How I Survived Breaking Up with My Car
Where I grew up, owning a car was a necessity rather than a choice, and where it’s not a choice it can quickly become an emblem of pride.
I was the kid of an environmental science teacher in the skeptical South—in high school I once delivered a punctiliously researched speech about global warming after which I was heckled by the teacher. But still, I loved cars. My first car was a four-door 1989 Nissan Maxima with a spoiler and chrome trim. You could push down the back passenger window from the outside and crawl in if you’d locked your keys inside. I was even proud of that.
There’s a good chance I was proud because I was 17 years old and that car offered me my first taste of real independence. A kid that grows up in New York City can hop on the subway anytime she wants. But I grew up in Kentucky, and by fifth grade I was living in a rural county about half an hour outside Louisville. To go to any friend’s house I needed a ride. In fact, I needed a ride to do more or less anything: to buy a snack, a shirt, even a pack of gum.
Every morning in central Kentucky, well over 100,000 vehicles pour onto Interstate 65, which runs north to south, bisecting the state between Franklin and Louisville. They drive 45 minutes, an hour, even two hours to work, crossing county and state lines and filing en masse through the fast food drive-throughs at outposts in Shepherdsville or Elizabethtown. They need their cars to go where the work is, where the grocery is, where the stores are.
I commuted like this for two years—back and forth several days a week between Louisville and Bardstown, more than 70 miles round-trip. Driving wasn’t a choice for me or my fellow travelers. Eating and working are not choices.
But when I moved to Seattle a few months ago, I had a choice for the first time. I decided to sell my car and try a life without it—though it shuddered to an unsurprising halt before I had the chance to sell. Considering I already couldn’t park it on hills (where it refused to roll any direction but down), it wouldn’t have survived Seattle anyway.
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I don’t miss that car—it was no 1989 Maxima—but surprisingly, after more than three months without it, I find I don’t miss cars in general. It’s the first time I’ve been without a gas-powered vehicle since I was 17. My keychain is strangely light. I carry milk longer distances.
After having driven a few times in Seattle, driving seems not only more expensive, but also more stressful, and, in the city, rarely faster. And in an attempt to achieve entirely free transportation, riding my bike has become a means to an end rather than simple recreation. As a result, these days I get a lot more incidental exercise (and a lot fewer drive-through burgers).
But this is only possible because the infrastructure exists here: bike paths, frequent buses, and the first line in what promises to soon become a train system.
Meanwhile, Kentucky is only negligibly better off without my car bellowing pounds of exhaust into the air. If the Ohio River Valley is famous for one thing, it’s for just how hard it can be to breathe there. And it’s not just allergens—a few years ago, a University of Louisville cardiologist told me that when it comes to high levels of particulate matter, the Ohio Valley ranks alongside Beijing-Shanghai and Delhi. Certainly, Beijing and Saharan Africa are worse off, according to a NASA map of global air pollution, but the Ohio Valley is the U.S. hotspot. And the particulates problem doesn't take into account the climate effects of all the carbon dioxide our cars emit. The transportation sector coughs up 28 percent of greenhouse gas emissions—97 percent of those from fossil fuel combustion, according to the U.S. Department of Transportation.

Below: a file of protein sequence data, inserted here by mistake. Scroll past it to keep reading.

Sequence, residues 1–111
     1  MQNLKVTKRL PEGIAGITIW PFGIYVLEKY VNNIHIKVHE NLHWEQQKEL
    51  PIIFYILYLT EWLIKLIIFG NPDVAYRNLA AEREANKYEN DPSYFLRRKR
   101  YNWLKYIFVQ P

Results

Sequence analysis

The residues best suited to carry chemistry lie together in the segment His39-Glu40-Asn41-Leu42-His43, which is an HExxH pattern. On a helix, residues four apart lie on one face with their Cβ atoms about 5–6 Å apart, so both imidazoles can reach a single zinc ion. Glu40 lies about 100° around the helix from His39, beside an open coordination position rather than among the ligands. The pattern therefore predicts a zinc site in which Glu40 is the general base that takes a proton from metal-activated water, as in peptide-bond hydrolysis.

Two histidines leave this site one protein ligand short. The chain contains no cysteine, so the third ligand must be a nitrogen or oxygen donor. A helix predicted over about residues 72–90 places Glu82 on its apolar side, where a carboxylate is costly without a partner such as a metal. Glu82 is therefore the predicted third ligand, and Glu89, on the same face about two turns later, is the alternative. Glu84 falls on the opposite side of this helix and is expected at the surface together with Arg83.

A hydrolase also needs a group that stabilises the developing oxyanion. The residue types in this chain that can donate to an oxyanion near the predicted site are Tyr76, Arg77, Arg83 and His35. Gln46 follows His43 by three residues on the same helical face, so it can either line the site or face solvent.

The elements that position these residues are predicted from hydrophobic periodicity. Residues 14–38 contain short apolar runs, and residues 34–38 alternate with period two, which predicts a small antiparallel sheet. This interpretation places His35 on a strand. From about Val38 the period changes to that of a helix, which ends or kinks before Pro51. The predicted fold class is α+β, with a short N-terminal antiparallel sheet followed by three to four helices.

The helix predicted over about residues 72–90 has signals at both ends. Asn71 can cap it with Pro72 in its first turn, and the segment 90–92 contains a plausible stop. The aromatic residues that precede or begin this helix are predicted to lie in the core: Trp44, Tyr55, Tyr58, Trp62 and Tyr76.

Environmental groups in Kentucky are aware of Kentuckians’ reliance on their cars, and are aiming at practical solutions: the Louisville Metro Air Pollution Control District campaigns against vehicle idling, while the Mountain Association for Community Economic Development has provided loans and expertise to cut energy use in grocery stores throughout Appalachia. Working with groceries to cut one of their biggest expenses has kept a few from shutting their doors for good, while others have even hired more workers. In an area where people often have to drive 45 minutes to buy food—and where many can’t afford that drive—this is not only an environmentally conscious but also a humane endeavor.
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Right now, the infrastructure isn’t there for bigger changes—and while some of us will try to do our part to produce less exhaust and waste, “some” only adds up to so much.
And the culture isn’t quite there, either. For all my independence from cars these days, and for all that I know about what vehicle exhaust does to the planet, I still love the vehicle.
How do you ask people to shed this emblem of independence — perhaps the greatest source of independence most Americans experience day in and day out? Without an incredibly far-reaching infrastructure overhaul, the short answer is that you don’t. The more complicated answer is that first, you have to ask us to want change, and that takes meeting us somewhere between Franklin and Louisville.
Erin L. McCoy wrote this article for YES! Magazine, a national, nonprofit media organization that fuses powerful ideas and practical actions. Erin worked as a newspaper reporter and photographer in Kentucky for almost two years. She is now a Seattle-based freelance writer specializing in education, environment, cultural issues, and travel, informed by her time teaching English in Malaysia and other travels. Contact her at elmccoy [at] gmail [dot] com or on Twitter @ErinLMcCoy.
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